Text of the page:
What app — out of the hundreds in existence — is the best choice to present your web design ideas? I’ve asked this question far too many times, and finally found the answers in Sketch and Webflow. Sketch allows me to present ideas and Webflow allows me to bring these ideas to life. The combination of these tools has completely changed the way I create, present, and bring my ideas to fruition.
Do you want to do the same? Here’s how to streamline the Sketch to Webflow design process to save you time and enhance your designs.
Before you start designing in Sketch, you’ll want to make sure you know how to best optimize the design for transfer to Webflow. For example, Webflow, unlike Sketch, Photoshop, and Figma, uses the box model.
What does this mean? The space between elements is set by their margins and the space between a button’s text and its box is set with padding. This powerful and just-works™️ layout mode is important to think about while you’re creating your Sketch design because, in most cases, the space between elements on the web is set by their margins.
The Paddy plugin allows us to apply padding to one background layer (either a shape layer or a symbol) of a group. The background layer will then automatically resize itself by whatever amount we specify. This allows us to maintain strict padding for buttons, symbols, and elements that will later be recreated in Webflow.
I'm sure you've discovered Sketch's context menu CSS grabber. It's really just CSS notes. Each block is called out by a preceding comment using the layer's name.
The Measure plugin, however, allows us to generate an HTML page with a single click and inspect every design detail, including CSS styles, offline.
Done? Great. Let’s get started.
For this walk-through, we’ll use a template by Felix Cruz to demonstrate the Sketch-to-Webflow process.
First, let’s use the Paddy plugin for any elements that require specific padding. Elements that have this requirement are typically buttons, input fields, cards, and sections. This is because we want to have a standard padding for all elements like these. The form button, for example, will need set padding:
Next, to prepare your images for use in Webflow, let’s make them exportable.
We do this by first applying your settings for Measure and then clicking Spec Export. This will generate an index file that allows us to inspect all the design details — including the CSS styles. The assets will also be saved in a ZIP file that we’ll need to use for the Webflow site.
You’ll notice that the use of Measure also makes it easy to provide your team with accurate measurements quickly and easily. Super-handy if you hand off your design work to devs.
Now we’re ready to add our assets to a new Webflow project. Let’s open our Webflow project, select the font tab in the project settings, and add our fonts. These can be Google fonts, Typekit fonts, or your own fonts. For this project, we’ll add the Roboto font weights of 100, regular, and 900.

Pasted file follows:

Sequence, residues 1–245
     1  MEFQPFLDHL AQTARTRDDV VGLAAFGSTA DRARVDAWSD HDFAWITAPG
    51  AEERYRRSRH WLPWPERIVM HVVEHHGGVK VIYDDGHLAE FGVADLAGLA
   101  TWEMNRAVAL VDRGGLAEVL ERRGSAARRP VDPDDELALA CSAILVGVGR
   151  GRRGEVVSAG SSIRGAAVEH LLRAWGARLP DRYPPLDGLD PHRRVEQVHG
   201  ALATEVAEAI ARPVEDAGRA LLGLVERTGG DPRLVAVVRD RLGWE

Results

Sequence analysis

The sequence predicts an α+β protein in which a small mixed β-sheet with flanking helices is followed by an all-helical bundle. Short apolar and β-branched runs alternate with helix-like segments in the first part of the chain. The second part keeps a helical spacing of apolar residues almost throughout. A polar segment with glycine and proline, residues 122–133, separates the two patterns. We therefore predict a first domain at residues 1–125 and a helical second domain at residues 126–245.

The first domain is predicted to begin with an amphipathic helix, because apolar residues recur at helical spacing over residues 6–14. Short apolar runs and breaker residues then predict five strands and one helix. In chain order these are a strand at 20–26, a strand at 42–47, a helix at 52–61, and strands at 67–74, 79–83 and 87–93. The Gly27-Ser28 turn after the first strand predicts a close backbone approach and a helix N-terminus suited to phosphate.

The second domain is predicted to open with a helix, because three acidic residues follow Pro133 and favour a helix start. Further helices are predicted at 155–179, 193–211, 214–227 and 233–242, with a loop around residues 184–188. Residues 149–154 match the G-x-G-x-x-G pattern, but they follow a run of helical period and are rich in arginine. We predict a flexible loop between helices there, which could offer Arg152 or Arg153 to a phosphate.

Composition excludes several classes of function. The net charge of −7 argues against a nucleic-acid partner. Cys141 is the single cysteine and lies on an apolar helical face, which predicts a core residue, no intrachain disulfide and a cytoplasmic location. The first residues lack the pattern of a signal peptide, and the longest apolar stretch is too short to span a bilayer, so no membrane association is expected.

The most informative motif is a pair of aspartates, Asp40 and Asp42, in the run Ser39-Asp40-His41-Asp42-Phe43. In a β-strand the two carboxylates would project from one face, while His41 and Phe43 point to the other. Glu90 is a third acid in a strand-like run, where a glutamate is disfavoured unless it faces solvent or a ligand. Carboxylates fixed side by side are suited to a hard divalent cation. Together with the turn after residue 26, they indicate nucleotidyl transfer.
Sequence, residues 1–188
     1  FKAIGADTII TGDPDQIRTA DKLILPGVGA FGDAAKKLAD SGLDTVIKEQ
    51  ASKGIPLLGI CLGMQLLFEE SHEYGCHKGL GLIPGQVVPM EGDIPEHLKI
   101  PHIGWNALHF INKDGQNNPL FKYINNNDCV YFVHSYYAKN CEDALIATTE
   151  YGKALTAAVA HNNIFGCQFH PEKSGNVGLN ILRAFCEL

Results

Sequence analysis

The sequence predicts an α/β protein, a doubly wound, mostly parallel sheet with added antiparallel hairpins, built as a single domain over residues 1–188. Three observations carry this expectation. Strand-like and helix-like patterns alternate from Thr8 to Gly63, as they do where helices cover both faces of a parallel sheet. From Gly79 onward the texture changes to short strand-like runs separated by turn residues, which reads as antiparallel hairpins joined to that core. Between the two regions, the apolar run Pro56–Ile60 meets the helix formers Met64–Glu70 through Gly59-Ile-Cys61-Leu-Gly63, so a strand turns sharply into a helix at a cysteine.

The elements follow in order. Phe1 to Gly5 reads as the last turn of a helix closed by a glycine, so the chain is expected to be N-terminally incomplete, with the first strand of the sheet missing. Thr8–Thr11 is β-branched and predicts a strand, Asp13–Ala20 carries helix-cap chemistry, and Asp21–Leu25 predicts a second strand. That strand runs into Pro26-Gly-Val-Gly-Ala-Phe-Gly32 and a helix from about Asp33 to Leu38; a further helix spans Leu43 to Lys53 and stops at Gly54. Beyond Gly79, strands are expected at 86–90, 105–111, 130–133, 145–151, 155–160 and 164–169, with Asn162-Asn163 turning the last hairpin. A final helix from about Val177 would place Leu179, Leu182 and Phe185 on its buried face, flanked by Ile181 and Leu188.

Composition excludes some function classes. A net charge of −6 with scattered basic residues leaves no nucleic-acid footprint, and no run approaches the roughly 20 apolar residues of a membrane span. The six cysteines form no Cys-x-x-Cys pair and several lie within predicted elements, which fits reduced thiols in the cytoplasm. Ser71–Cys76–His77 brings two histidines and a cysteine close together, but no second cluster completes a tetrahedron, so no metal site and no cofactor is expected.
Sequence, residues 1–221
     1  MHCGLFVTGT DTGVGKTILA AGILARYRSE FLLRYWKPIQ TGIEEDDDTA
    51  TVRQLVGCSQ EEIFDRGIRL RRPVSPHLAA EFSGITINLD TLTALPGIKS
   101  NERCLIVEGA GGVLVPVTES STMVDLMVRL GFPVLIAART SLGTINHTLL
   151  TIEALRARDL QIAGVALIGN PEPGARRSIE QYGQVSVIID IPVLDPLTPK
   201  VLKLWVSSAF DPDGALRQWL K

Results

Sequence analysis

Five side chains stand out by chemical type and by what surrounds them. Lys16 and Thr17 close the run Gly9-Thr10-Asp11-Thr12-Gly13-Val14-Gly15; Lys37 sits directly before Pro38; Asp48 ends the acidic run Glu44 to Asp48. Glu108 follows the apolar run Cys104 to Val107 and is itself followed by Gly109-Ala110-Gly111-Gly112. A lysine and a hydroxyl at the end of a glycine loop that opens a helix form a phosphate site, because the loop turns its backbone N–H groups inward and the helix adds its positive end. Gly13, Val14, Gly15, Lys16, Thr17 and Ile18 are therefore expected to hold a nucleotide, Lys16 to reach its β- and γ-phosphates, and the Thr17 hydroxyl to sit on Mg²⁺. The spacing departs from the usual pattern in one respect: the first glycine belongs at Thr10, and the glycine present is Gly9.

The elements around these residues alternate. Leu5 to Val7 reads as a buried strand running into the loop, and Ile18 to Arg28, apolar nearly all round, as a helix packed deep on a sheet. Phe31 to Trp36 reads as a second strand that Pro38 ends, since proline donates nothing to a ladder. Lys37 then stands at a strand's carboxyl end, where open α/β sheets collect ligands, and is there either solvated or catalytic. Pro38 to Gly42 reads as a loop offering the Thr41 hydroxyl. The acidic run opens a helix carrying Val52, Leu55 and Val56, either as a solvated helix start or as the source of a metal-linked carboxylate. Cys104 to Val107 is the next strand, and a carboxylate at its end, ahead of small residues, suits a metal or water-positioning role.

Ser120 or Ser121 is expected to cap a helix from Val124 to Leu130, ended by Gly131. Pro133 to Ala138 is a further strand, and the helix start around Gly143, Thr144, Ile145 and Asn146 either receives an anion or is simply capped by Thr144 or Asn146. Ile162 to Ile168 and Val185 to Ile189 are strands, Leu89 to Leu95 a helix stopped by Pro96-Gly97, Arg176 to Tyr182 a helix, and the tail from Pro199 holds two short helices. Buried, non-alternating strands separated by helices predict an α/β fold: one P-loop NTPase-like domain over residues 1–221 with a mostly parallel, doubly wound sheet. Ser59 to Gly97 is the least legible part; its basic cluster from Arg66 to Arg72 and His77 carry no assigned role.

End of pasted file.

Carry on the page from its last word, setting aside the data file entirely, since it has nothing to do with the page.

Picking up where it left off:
Pro tip: only select the weight(s) you need when uploading fonts, or selecting from Google. Every font weight adds to the site’s file size and load time.
Next, we’ll create a style guide in Webflow. Instead of spending a lot of time updating a color throughout the whole document in Sketch, we’ll use global colors.
In Webflow, we simply save a swatch as “Global,” which allows us to make sweeping changes to entire projects. This lets you make updates with ease and save you the common headache when your client changes their mind about button color. Trust me, I’ve been there.
Now, the layout of the style guide is completely up to you. It can be as neat or as messy as you’d like. For our purposes, we’ll keep it simple so that it’s easier to navigate.
While creating our style guide, let’s remember to think in relative, not fixed units. This means that an element’s size should be considered relative to other elements, such as the browser or parent element. While this requires a new way of thinking for some, it ultimately ensures that your page, and the elements within it, are responsive across various devices.
For this reason, we’ll use percentages (%), viewport width (vw), or viewport height (vh). Each of these units allow our elements to adapt with the browser, unlike pixels. Because their actual size changes depending on the viewport size, this makes them great units for responsive design.
I would suggest taking a quick read of Ire Aderinokun’s “Viewport vs Percentage Units” to learn when to use which relative unit.
Now for font size, we’ll use rems.
Now, let’s make a section for each element. Each will have at least:
Once we’re done, we’ll add elements to their appropriate sections on the canvas.
If we turn our entire style guide section into a symbol, it’ll be easier to add or delete from any page. This allows us to have a style guide right on the page for reference.
In the Webflow Designer, we’ll open the Assets panel to add our images from Sketch Measures’ export. We can add these by either dragging and dropping them into the Designer, or by clicking the upload button. Either way, we can upload the images in a large batch.